What are the benefits of setting up a pension for the self-employed?
The main benefit is to provide an alternative source of retirement income in addition to the proceeds of selling your business. I cannot stress enough that being solely reliant on your business is a high risk strategy. Pension planning is just another piece of that retirement jigsaw.
Inheritance might be another area that comes into play, and we would take that into account when looking at your overall pension planning. The final piece of the jigsaw is to take advantage of tax breaks: in contributions paid, investment returns being free of income tax and capital gains tax, plus the 25% tax-free fund available on retirement.
There is a lot of choice out there, which can adapt to your specific circumstances. You may take partial retirement, for example. A lot of people today are working beyond state pension age, perhaps two or three days a week. They don’t need to use all their pension assets, but they can turn the tap on and off as they see fit. So flexibility has become a very important feature.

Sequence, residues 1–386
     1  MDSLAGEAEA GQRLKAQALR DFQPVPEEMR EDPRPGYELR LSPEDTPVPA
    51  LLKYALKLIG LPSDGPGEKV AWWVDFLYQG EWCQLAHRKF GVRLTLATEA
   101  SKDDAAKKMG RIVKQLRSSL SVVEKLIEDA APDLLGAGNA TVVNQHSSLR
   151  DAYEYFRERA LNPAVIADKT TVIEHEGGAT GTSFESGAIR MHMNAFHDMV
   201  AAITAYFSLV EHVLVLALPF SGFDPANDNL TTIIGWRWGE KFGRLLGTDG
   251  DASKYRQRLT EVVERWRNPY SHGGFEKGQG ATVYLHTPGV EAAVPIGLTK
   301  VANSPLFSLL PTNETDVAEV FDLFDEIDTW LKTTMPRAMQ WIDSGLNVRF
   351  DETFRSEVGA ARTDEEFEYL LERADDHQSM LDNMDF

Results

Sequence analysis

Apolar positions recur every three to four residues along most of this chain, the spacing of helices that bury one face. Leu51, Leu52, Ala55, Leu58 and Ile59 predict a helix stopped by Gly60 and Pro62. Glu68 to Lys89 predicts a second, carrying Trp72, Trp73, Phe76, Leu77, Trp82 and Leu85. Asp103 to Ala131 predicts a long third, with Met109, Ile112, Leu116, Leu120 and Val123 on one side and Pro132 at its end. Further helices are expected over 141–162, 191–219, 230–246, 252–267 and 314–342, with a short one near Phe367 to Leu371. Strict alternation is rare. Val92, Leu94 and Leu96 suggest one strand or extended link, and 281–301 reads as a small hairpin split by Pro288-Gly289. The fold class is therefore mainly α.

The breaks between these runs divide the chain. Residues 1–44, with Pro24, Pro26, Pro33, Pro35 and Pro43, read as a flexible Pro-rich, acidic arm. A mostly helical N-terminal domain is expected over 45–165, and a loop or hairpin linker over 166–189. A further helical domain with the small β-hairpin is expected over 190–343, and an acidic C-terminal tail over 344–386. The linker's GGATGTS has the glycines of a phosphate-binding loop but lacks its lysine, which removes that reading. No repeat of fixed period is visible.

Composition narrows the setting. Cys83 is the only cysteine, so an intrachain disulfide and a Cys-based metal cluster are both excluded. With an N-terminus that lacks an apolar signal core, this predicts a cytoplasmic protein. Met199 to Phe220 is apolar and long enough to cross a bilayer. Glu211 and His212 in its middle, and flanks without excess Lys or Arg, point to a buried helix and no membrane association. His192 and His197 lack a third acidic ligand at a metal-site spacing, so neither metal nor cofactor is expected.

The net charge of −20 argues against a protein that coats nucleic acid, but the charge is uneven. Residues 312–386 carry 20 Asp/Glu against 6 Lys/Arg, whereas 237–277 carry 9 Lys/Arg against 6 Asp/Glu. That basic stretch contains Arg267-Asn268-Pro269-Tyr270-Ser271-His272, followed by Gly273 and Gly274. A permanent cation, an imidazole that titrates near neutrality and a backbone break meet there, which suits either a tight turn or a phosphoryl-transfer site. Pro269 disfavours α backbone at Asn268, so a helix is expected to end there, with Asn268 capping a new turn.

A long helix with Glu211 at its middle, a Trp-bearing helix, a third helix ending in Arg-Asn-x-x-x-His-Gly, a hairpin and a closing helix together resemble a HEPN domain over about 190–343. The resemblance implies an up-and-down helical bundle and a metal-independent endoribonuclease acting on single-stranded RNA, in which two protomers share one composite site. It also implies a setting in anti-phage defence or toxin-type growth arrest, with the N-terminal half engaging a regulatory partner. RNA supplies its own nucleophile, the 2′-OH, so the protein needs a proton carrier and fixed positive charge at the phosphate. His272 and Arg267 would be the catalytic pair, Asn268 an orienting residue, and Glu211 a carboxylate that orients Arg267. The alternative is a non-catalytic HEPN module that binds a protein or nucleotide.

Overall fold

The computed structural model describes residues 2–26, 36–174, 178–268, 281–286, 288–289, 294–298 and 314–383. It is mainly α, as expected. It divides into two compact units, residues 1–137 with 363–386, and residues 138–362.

How can a financial adviser help with self-employed pensions?
We’re here to help our clients get from where they are now to where they want to be in retirement and beyond. It’s an important relationship that’s built on trust. We get to know everything we can about our clients and we review their affairs on a regular basis – at least once a year – to make sure that they’re on track. That’s where really the benefits of a financial advisor come into their own.